One of the most common things we hear from our clients is, “I’m out money…what do I do?”, to which we almost always ask “How much money?” When hiring a lawyer to represent you in court, calculate your damages to know if it belongs in small claims court, arbitration, or the court of common pleas.
We don’t ask that question to judge, but rather to find out what type of case we are dealing with and to help determine whether we can help and whether we can cut some of your legal expenses.
How to tell if a lawsuit belong in small claims court, arbitration, or the court of common pleas?
Small Claims Court
Small Claims Court is a local court that can be found online depending on which county you are in. By searching for “Small Claims Court in [YOUR COUNTY HERE]” you are able to find all of the different magisterial districts in your county. A Small Claims Court oversees matters where the damages are $12,000 or less. Although this number may fluctuate county by county and state by state, in Pennsylvania, we practice in Philadelphia County, Bucks County, and Montgomery County where $12,000 is the damage limit for small claims court.
A simple way to think Small Claims Court is to think about Judge Judy on TV. You file a complaint, you come in with all of your evidence on the date of the hearing, the judge will hear your side, then the judge listens to the other side, and then the judge will make a ruling. Sometimes the ruling will be made on the same day. However, in most cases, you will get a decision in the mail a few weeks later.
In most cases, for a Small Claims Court judgement you do NOT need to have an attorney present to represent you. If you are unhappy with the judge’s ruling, your next course of action would be to appeal to the Court of Common pleas by filing an appeal — within 30 days of the ruling.
Pennsylvania lawsuits seeking damages ranging from $12,000 to $50,000 will automatically be directed to Arbitration. That being said, like rules vary state by state, and in some cases county by county. In some counties the damage threshold may be lower. If you are suing in Philadelphia, Bucks County, or Montgomery County, cases between $12,000 and $50,000 will almost always be directed to arbitration. Whatever the range in your county may be, if damages you are seeking falls in that range, the case is typically subject to mandatory arbitration.
42 Pa.C.S. § 7361 is the Pennsylvania rule that relates to “compulsory arbitration” or mandatory arbitration. It states that no matter shall be referred to compulsory arbitration if it exceeds $50,000 or involves a dispute about title to real property (or real estate).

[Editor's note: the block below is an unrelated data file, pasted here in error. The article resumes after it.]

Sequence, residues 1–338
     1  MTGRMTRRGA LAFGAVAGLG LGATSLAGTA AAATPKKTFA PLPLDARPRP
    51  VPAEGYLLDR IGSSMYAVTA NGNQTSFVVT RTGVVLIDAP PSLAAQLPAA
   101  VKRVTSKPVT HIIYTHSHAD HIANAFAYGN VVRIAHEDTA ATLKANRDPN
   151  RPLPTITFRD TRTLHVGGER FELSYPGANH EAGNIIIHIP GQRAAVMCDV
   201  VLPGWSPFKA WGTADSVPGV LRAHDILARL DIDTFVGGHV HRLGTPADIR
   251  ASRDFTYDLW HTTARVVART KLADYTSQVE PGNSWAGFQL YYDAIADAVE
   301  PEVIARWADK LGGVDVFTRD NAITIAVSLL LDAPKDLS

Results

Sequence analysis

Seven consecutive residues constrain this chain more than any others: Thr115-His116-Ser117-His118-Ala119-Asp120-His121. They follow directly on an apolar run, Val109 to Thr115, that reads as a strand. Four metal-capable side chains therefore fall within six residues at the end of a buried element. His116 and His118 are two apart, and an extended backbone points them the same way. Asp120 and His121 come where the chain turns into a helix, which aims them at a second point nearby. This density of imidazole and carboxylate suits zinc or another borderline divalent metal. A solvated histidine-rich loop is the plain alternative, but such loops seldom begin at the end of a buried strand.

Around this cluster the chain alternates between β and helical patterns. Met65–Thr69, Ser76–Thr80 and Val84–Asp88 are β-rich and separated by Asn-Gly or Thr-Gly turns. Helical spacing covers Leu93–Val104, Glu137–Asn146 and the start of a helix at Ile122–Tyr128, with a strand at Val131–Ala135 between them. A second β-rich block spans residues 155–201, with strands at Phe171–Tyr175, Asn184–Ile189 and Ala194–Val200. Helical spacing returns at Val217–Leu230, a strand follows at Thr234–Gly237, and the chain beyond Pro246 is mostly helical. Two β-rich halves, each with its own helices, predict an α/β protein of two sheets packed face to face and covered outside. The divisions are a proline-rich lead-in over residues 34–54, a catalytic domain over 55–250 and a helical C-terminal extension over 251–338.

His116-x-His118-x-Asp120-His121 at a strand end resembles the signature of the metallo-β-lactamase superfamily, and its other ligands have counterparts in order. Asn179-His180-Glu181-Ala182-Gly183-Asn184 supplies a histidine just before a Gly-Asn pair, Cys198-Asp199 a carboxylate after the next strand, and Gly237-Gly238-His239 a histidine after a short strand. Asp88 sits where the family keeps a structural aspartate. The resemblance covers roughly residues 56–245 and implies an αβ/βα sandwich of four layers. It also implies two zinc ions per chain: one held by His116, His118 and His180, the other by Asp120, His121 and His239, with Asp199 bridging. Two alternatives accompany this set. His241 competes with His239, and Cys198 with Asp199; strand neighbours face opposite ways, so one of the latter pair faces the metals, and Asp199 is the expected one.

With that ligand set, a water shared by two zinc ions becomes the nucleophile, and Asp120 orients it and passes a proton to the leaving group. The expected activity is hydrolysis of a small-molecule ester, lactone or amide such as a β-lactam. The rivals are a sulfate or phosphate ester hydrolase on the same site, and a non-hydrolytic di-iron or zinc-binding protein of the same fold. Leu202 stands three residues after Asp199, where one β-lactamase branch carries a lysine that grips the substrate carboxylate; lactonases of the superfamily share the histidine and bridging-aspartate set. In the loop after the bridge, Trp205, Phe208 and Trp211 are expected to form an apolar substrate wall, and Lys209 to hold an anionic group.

According to Lexis Nexis, there are 6 main differences between arbitration and litigation in regards to their appealability, cost, flexibility, publicity, predictability, and timeline.
The main difference between having your dispute heard by arbitration and the court of common pleas is that, in arbitration, the entire litigation timeline and process is streamlined. That means you get discovery sooner and a hearing date much sooner. Overall, everything will be expedited. By doing things a bit quicker, costs are typically kept low and the parties will get a much quicker decision on the legal issue or dispute.
When your are involved in a business dispute, there is usually already a lot of pressure to come to a resolution. If your case can fall within the monetary limit for arbitration, it can be an opportunity to get things heard quickly.
Statutory arbitration is different from voluntary arbitration. We discuss other differences between arbitration and litigation in our video about the differences between mediation, arbitration and litigation.
If you disagree with an arbitration verdict you can also appeal that decision to the Court of Common Pleas for a “trial de novo”. When a court of common pleas hears a case “de novo,” it is hearing the issues anew and deciding them without giving effect to any legal conclusion or assumption made by the arbitration court.
Court of Common Pleas
The next level of court is the Court of Common Pleas. In Pennsylvania, we have the Philadelphia Court of Common Pleas, Bucks County, Montgomery County, etc. (one for each county).
These courts will hear either an appeal from small claims or arbitration. Also, the court of common pleas will be the first court to hear a case if the damages involve more than $50,000.
In the Court of Common Pleas, the client will be subjected to the entire legal process which can get expensive and easily cost in excess of tens of thousands of dollars. In an effort to avoid any additional fees, we ask about the value of the case from the initial conversation. If we are able to make the distinction early and properly identify which court your complaint should be filed in, it will save both your and your attorney’s time and money.
A Court of Common Pleas will hear almost all litigation disputes, including shareholder disputes, small business litigation, personal injury, real estate, employment disputes, and many more. For more information about the types of legal disputes Kaminsky Law handles, please see our practice areas page.
For an in-depth review of the Pennsylvania Court of Common Pleas and more resources for the PA court system, we welcome you to visit Pennsylvania’s Court of Common Pleas website.
If you need further assistance:
Kaminsky Law is happy to help! What we would recommend that you do before you call a lawyer is think about what your damages are. Once you determine the approximate amount, it will be much easier for us to help guide you in the right direction for your case.
We can help either guide you with your next steps in your small claims issue, represent you in arbitration, or represent you in a dispute where the damages exceed $50,000 in the applicable Pennsylvania county Court of Common Pleas.
Whichever the case may be, call us at 215-876-0800 to set up a free consultation or fill out a form here!